Determining Roi on Co-Packed Products

In the first of a year-long series, The National Provisioner takes a look at the co-packing/co-manufacturing arena, helping processors identify best practices and strategies forsuccessfully incorporating, developing and nurturing co-manufacturing relationships in the marketplace.
In this, our first entry into the series, The National Provisioner speaks with Michael Quint, vice president & CCO, Sales, Marketing, R&D, for West Liberty Foods, L.L.C., in West Liberty, Iowa. What follows is a Q&A with Quint on how processors can determine and improve the return-on-investment of their co-packing ventures.
NP: What is important for a processor to consider when making the decision whether they should source a co-manufacturer for a product or run the product “in-house?”
Quint: First and foremost would be the ability of the co-manufacturer to deliver a high-quality product that meets or exceeds all food-safety requirements. A second important factor is to understand the capital expenditures associated with any project. A major benefit of using a co-manufacturer is that a processor is able to develop new products and new packaging concepts without the investment in capital necessary to run “in-house.” This allows the company to potentially expand their brand into a greater number of categories in a minimal amount of time. For example, West Liberty Foods houses a full IQF, in-line cooking system in our new Tremonton, Utah, facility. Access to this system allows our customers to develop competitively priced products in a state-of-the-art process without a substantial capital investment.
NP: What are the main factors that determine ROI in a co-manufacturing agreement, in your opinion?
Quint: The availability of competitively priced raw materials through either vertical integration or procurement, a least cost manufacturing environment, and proximity to thecustomer base.
NP: How important a factor in establishing a co-manufacturing partnership is the ROI that the manufacturer promises?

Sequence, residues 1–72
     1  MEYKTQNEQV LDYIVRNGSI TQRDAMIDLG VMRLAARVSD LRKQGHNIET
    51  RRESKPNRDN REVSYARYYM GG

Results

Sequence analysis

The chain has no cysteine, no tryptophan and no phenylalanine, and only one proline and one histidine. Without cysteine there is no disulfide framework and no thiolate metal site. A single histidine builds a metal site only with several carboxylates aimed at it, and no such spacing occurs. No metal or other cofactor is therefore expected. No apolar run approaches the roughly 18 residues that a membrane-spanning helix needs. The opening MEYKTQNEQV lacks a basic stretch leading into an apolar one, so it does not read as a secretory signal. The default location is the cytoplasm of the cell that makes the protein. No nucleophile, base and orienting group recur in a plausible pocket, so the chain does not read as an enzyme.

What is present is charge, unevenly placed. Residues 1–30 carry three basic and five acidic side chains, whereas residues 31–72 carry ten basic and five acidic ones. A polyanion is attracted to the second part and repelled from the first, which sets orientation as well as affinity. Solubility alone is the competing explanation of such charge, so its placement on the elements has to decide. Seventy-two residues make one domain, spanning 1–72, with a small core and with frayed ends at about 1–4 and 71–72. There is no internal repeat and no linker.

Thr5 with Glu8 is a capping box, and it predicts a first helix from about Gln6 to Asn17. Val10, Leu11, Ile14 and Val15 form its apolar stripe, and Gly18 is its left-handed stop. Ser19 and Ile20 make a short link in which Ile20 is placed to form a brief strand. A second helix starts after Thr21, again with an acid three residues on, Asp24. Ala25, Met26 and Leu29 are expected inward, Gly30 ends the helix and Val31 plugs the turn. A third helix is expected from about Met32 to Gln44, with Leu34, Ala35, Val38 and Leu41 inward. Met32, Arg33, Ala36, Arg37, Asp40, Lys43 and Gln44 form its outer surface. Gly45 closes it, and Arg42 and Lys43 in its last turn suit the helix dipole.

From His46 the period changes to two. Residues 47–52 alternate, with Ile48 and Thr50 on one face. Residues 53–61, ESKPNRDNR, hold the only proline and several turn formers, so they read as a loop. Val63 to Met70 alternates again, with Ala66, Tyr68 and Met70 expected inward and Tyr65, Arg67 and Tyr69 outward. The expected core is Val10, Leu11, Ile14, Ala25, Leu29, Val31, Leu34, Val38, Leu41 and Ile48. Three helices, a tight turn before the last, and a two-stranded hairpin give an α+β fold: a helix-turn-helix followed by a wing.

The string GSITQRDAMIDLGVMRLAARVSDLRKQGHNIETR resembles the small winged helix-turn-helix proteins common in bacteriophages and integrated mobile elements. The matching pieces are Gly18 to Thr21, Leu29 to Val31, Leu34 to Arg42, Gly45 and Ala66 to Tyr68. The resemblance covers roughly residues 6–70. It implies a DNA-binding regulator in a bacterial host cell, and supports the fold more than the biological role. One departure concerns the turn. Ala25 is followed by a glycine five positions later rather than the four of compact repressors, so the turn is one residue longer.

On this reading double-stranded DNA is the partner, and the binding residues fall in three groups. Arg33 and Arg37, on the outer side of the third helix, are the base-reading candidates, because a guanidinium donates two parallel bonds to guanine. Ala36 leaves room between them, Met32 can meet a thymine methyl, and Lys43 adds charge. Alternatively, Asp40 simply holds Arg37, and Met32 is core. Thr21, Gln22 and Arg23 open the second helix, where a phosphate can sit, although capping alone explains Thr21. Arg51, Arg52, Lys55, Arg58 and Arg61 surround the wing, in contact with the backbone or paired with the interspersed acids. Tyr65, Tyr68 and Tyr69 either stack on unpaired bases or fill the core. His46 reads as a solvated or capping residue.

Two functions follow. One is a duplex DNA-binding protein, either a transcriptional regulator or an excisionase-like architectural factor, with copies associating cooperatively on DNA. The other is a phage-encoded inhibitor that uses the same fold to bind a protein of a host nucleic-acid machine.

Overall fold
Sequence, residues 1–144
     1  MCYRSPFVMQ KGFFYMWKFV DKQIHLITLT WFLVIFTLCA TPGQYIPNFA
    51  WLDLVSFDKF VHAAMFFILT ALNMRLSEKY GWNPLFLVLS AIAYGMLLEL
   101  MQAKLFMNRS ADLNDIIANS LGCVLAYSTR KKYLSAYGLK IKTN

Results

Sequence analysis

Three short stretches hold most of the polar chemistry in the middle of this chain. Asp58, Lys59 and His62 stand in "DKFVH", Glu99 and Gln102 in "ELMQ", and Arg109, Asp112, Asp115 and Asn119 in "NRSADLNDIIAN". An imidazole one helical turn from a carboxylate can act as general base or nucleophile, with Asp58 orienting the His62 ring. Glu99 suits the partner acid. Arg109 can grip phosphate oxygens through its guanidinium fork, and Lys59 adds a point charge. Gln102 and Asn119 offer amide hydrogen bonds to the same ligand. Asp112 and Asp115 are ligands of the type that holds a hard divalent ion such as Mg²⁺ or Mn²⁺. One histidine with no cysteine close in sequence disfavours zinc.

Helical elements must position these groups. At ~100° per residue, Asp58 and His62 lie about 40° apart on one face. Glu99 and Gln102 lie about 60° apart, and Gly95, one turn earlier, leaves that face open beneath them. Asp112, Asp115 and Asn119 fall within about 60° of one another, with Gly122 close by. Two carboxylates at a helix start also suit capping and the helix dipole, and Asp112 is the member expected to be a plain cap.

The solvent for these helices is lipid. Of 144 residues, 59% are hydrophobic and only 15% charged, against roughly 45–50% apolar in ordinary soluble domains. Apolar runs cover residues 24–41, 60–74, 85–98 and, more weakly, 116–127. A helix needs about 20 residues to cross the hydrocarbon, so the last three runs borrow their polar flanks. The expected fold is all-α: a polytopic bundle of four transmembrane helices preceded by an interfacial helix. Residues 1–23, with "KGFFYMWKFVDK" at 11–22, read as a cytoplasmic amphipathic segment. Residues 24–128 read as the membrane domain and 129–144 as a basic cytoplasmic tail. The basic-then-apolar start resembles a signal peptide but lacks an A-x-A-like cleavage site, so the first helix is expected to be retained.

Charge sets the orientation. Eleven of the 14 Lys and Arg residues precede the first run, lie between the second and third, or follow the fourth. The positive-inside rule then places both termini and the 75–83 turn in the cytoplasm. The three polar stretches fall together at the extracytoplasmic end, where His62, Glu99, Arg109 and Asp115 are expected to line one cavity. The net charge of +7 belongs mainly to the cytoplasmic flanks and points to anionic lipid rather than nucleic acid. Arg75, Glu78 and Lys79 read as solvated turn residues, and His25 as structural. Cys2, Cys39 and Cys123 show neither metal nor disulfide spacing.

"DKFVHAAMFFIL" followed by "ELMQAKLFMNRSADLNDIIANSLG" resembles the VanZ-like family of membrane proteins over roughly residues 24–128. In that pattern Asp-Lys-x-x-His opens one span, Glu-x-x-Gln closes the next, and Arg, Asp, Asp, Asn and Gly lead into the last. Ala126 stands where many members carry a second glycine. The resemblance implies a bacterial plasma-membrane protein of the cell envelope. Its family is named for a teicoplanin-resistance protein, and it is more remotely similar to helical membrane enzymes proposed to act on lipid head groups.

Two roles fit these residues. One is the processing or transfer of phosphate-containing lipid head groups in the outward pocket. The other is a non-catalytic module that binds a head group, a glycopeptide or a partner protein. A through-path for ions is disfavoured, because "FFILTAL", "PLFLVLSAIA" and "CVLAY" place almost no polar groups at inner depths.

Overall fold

Quint: Very important. The manufacturer must deliver the product quality at the agreed-to price if the marketer’s plan will be successful. Without a partner who has the capability and desire to design products, that will help deliver both, it becomes an unworkable situation.
NP: In the co-manufacturing realm, is ROI typically measured in months or years? What are some of the ways processors can speed up the time to turning a profit on a co-manufacturing agreement?
Quint: Typically, ROI is measured on an annual basis but certainly monitored on a monthly one. In addition, most processors will look at ROI with and without startup costs included. How fast the product turns a profit will be directly related to how well-designed the product is before it ever reaches the marketplace. If both parties work together on the initial product development, focusing on minimizing all costcomponents while maximizingproduct quality, profitability will come very quickly.
NP: Does the ROI vary greatly from product to product? How patient must a co-manufacturing partnership be in terms of getting to the point where the customer has met its ROI?
Quint: ROI does vary greatly from product to product for a host of reasons. Again, product development is key. A clear set of objectives must be established in the beginning for what the product is to be, how it should perform, and what price point is necessary to meet sales goals. Both companies must then work together to develop the product to meet the established criteria while ensuring that it can be cost-effectively produced within the organization. The time must be spent on the front end to ensure the return on the back end.
NP: What are some of the most common products that you see meat and poultry processors having co-manufactured today? What do you believe to be the reason those products are so commonly outsourced?
Quint: Obviously we see a lot of sliced proteins packed in numerous formats for sale in the retail and foodservice markets. I believe that many of these items are outsourced because of the large expenses associated with installing a slicing line. In addition, capacity is limited based on the speed of the equipment. So, depending upon the success of the offering, multiple lines may be necessary. Capital expenditures are very closely scrutinized in today’s business world. Co-manufacturing allows processors to take advantage of existing systems with limited or no capital expenditures.
NP: How much does efficiency and the realities of quality assurance and food safety play into the ROI that a processor gains by contracting out a product line?
Quint: A company looking to have product co-manufactured needs to be assured that all food-safety and quality requirements are met. They also need to be confident that their co-manufacturer is truly a partner in the process. One cannot afford to have any food-safety concerns that could damage brand reputation. This is paramount, as food-safety issues will rapidly destroy any ROI. From an efficiency standpoint, West Liberty Foods has an exceptionally positive throughput that allows us to deliver on a very cost-efficient basis.